LOCKDOWN LOW-DOWN – JASON TROUGHT
1) If your life depended on somebody catching a carp for you, who would you pick and why?
Can I pick a couple? If so, I would choose Mark Bartlett and Dave Moore, but for two different reasons. Mark for seemingly being able to catch carp of any size, under pressure, anywhere you care to put him. Bart’s technique, accuracy and efficiency are incredible, and I’ve witnessed first-hand a few times just what an effective angler he is. Dave would be there for his uncanny sixth sense of reading big-fish behaviour, then being able to catch them. Having fished ‘against’ Dave for a particular hush-hush big fish once, had it still have been alive when we were fishing there, I can categorically say that it would have been me taking the pictures!
2) If you could change one thing about carp fishing, what would it be?
Getting rid of social media would improve things. For me, it seems to have the ability to bring out the worst in the human race. I understand it has an important role in today’s society, both commercially and for human interaction, but was it that bad before it? No, not really; life was much more hassle-free, in my opinion. It also seems a lot of anglers only go fishing to post pictures on social media nowadays. The reasons they are actually there seem irrelevant. But I guess it’s a case of whatever floats your boat.
3) What’s your biggest regret in carp fishing?
Not making the effort to fish the proper Wraysbury when we had the chance. We had sufficient disposable income, were young and keen and had no family commitments at that time. It always just remained pub talk, though, when in reality there was nothing actually stopping us dong it.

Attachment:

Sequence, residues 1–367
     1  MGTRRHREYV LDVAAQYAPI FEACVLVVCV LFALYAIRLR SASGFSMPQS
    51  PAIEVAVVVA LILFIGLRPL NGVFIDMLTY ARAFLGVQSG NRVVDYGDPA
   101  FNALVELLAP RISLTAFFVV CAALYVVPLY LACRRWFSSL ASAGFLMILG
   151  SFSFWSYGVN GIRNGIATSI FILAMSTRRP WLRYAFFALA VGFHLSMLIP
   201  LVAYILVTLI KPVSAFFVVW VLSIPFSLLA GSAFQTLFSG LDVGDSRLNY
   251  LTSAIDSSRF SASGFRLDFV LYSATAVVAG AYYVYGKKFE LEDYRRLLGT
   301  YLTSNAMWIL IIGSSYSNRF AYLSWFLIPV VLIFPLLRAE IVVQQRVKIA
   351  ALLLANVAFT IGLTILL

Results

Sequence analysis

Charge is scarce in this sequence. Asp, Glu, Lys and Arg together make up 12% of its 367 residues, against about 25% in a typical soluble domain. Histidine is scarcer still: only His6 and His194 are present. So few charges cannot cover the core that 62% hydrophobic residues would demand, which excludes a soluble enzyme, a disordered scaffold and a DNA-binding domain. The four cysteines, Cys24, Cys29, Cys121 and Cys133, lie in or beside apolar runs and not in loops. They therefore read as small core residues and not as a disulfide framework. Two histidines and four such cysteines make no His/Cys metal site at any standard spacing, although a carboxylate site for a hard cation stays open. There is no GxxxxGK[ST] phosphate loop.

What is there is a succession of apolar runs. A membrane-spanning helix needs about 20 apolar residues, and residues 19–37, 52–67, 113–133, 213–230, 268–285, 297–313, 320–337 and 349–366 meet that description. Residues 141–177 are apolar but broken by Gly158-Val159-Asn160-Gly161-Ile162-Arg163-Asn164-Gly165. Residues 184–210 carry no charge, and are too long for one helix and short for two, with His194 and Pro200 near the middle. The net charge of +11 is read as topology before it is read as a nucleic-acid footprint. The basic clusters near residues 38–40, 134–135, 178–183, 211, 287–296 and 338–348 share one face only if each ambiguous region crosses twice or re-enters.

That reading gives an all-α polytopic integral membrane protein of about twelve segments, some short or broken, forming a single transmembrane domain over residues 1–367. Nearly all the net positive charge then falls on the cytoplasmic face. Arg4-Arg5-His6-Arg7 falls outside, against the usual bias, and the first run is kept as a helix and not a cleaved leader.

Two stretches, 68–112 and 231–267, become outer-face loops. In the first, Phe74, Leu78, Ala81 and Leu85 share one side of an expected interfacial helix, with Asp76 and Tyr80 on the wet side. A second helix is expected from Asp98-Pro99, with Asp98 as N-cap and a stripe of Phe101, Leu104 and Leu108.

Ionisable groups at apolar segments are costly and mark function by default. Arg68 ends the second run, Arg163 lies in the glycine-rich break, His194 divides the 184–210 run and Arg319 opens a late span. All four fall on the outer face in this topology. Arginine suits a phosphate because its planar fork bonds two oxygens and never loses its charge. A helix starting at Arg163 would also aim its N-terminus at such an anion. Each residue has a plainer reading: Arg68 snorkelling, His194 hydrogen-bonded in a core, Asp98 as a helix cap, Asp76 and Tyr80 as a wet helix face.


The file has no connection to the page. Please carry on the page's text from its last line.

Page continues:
4) What’s your idea of an angling paradise and what’s the closest you’ve come to fishing one?
Any lake with minimal angler pressure, little or no man-made swims and a reasonable stock of uniquely varied and characterful carp. Maybe even a chance every couple of sessions would be a bonus. I’m not greedy! I’ve been close to finding the perfect one on a couple of occasions, but they always seem to fail on one piece of criteria in the end. I’ve recently started doing a bit more on the rivers in this country and I think I may be able to find a bit of solace there if I look hard enough.
5) If you could bottle one emotion you’ve felt whilst carp fishing and keep it with you forever, what would that be?
I can’t really pick just the one, to be honest. There are so many different emotions we all go through each and every time we go fishing that it is probably those which actually make us keep going back. A fish rolling over your spot at dawn. A bleep on the alarms making you look up to see a sheet of bubbles and a bow wave as one gets away with it. The feeling of being under your brolly, rods out perfectly and you feel the forecasted fresh new wind spring up and start blowing towards you. Those are the good ones, but what about the hook pull at the net? The feeling we all get sometimes when things are tough going where you question the sanity of the whole scenario, or what about when you’ve just taken the pics of the once-a-year fish you’ve been targeting and as happy as you are for the captor, a little piece of you is crying inside. These are the things that, good or bad, will always stay with me forever.
6) Have you ever experienced an epiphany-like moment when something just clicked and your results escalated as a consequence?